Forgive me, reader, but I will now ruin Snipperclips for you by saying this: I can’t stop referring to it as ‘Nippleclips’. And now, I bet you won’t be able to either.
Now that formality is out of the way, Nipplecl… – sorry, Snipperclips – is one of the handful of downloadable titles that accompanied the launch of Nintendo’s Switch.
But let’s face it: with the all-conquering Zelda out it’s not so much being overshadowed as shoved under an obese blue whale with the words ‘IGNORE EVERYTHING BENEATH ME’ painted on it.
This is a shame, because Snipperclips is about as Nintendo as they come: a quirky, clever, original idea that is simple to grasp but deviously tricky on later levels. Plus, it can be played equally well by one or several players, depending on how many JoyCons/friends you have (multiplayer is the most fun – and by "the most fun" I of course mean "inevitably leads to arguments").
You play as a sort of nubbin thing that looks like a filled-in U-bend on legs, and you can duck, jump and rotate yourself around 180 degrees like a literal loose cannon.
Your co-player, or just you - if you’re hideously unpopular - plays another plumbing-resembling thingy identical in all but colour. Between you, you have to team up to solve logic puzzles to progress.
This can involve giving each other a leg up up to press buttons, cooperating to get a ball in a hole, pop balloons, or make yourselves fit a template shape shown onscreen.
Sometimes this is as simple as just walking over and rotating your little guy to the right angle to bodge yourself into the required nook, but other times you’ll need to do some topiary work.
This is where the titular snipping and clipping, and the unique idea core to the game, comes in. Wherever your character overlaps with the other character, you can hack that bit of their body away to change their shape (fear not, squeamish types: this is a cartoony game, so this dismemberment is rendered in a comical way rather than as a blood and gore fest).
This lets you create hooks, steps, scoops, pointy bits, bucket shapes and the like. And if you mess up, another button press will restore you to your fully turgid form.
That’s pretty much it mechanics-wise, but what ensues is much local multiplayer hilarity as you attempt to bludgeon yourselves into ever more tortured polygons to solve the increasingly mind-grating puzzles.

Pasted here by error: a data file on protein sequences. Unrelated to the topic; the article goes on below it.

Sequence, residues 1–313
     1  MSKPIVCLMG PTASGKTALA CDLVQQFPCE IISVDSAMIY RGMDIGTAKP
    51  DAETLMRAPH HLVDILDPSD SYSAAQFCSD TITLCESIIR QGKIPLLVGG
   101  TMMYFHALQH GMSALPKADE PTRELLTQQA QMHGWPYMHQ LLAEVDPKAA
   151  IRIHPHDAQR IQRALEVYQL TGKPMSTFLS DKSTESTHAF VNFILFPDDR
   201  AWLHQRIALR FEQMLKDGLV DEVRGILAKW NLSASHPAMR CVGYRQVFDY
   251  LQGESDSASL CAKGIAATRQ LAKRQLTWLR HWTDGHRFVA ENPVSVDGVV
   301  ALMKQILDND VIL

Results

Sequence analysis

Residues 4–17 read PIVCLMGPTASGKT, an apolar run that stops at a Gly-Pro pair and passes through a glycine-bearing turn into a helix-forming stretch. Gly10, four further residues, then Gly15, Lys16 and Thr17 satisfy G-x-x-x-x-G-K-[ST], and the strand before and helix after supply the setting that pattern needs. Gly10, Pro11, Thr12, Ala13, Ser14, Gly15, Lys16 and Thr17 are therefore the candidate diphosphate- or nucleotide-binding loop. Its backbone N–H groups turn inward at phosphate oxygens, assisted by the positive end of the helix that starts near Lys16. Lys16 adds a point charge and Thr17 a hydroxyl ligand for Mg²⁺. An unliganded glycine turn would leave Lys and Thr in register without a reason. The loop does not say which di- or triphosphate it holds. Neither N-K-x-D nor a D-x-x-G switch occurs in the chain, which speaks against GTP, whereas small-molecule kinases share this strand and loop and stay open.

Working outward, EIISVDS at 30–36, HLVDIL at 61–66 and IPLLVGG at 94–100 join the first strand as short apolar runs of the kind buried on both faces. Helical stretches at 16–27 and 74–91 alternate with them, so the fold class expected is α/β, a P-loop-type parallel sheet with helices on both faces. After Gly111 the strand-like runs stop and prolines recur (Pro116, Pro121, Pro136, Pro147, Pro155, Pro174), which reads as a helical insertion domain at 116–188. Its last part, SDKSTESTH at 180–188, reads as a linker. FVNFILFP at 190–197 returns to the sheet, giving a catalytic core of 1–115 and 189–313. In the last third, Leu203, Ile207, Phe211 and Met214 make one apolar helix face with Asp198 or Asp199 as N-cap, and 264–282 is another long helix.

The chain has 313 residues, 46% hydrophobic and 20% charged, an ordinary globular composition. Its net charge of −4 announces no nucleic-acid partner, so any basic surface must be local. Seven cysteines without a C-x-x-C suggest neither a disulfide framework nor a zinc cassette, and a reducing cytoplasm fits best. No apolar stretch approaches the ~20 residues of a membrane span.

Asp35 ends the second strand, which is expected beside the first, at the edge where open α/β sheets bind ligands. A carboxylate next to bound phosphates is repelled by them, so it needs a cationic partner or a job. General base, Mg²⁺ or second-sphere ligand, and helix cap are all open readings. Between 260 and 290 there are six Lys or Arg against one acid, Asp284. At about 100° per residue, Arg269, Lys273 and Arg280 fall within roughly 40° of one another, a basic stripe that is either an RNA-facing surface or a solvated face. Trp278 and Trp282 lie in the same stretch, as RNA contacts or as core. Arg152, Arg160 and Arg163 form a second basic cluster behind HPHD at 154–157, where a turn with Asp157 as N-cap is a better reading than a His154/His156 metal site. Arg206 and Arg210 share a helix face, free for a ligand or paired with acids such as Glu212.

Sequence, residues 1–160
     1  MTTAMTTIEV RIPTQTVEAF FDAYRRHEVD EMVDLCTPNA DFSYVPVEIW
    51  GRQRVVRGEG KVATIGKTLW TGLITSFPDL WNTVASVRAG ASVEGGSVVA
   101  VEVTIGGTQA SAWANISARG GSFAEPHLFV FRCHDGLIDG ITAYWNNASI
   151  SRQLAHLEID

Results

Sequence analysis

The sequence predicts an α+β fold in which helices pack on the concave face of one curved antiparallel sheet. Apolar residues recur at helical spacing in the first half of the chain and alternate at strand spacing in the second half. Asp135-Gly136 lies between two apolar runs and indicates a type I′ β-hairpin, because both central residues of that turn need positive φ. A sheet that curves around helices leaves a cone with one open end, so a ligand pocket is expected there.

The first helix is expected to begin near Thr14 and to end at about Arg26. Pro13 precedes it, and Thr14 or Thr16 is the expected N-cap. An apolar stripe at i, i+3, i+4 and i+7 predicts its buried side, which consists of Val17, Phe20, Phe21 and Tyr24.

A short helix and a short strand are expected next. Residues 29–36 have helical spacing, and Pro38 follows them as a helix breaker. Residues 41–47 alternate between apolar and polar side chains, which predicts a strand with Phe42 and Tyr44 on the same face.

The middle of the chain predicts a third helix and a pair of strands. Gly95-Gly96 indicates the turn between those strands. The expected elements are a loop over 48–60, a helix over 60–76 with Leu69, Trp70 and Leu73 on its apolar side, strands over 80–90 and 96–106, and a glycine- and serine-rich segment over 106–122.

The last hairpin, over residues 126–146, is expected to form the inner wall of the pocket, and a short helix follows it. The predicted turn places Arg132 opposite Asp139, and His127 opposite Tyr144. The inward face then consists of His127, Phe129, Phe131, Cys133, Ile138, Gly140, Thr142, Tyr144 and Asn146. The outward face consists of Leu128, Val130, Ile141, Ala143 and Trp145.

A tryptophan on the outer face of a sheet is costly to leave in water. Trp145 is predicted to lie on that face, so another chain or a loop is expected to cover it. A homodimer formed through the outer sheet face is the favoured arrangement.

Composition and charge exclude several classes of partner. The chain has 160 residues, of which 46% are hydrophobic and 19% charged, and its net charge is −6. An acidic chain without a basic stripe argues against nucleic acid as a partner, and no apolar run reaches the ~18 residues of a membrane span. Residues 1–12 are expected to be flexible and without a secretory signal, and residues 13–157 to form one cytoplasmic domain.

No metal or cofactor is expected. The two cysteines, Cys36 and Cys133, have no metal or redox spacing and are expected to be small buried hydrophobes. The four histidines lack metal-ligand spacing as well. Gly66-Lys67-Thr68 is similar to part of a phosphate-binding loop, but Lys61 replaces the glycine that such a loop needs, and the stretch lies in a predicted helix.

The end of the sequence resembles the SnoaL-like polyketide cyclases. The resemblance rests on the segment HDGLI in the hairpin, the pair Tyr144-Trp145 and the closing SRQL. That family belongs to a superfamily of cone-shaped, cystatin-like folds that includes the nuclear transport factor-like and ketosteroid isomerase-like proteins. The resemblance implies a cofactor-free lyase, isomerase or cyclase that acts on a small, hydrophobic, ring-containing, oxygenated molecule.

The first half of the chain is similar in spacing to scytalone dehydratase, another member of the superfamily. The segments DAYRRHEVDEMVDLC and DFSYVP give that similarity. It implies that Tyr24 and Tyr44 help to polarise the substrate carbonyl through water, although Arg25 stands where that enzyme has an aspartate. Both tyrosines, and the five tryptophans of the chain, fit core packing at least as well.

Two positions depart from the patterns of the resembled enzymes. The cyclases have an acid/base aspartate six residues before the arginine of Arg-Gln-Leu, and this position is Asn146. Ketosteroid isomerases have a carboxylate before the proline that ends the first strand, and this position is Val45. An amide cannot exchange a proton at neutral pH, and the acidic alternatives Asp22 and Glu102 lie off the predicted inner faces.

Or more accurately, what will occur is that when you get stuck and start bickering about the solution one of you will get annoyed and start chopping away at the other’s body out of spite, and it’ll degenerate into an absurd papercraft-style massacre.
Admittedly, Snipperclips is unlikely to set the world alight. But if Digi2000 did ‘proper’ scores then this would be the most solid 8 out of 10 game imaginable. It’s cheap, cheerful, colourful fun and a lot of laughs are to be had. It’s also an ideal showcase for the Switch’s multiplayer-with-your-chums-anywhere party piece.
If you fancy a quick break from Hyrulian shrine detecting, or – like me – you’ve managed to ‘tame’ the world’s least cooperative horse and are momentarily fed up of its inability to walk in a straight line, this is the ideal change of scene and pace.
So please, sir – don’t overlook it just because Mr Link is in town, fannying about doing wheelies on his new BMX. Just remember: be careful not to invite your friends over for a quick game of Nippleclips, as someone is almost certainly going to end up at best confused and, at worst, lewdly dressed and thoroughly disappointed.
SUMMARY: Classic Nintendo - a quietly brilliant launch title.
SCORE: Three-and-a-half nips out of five nips.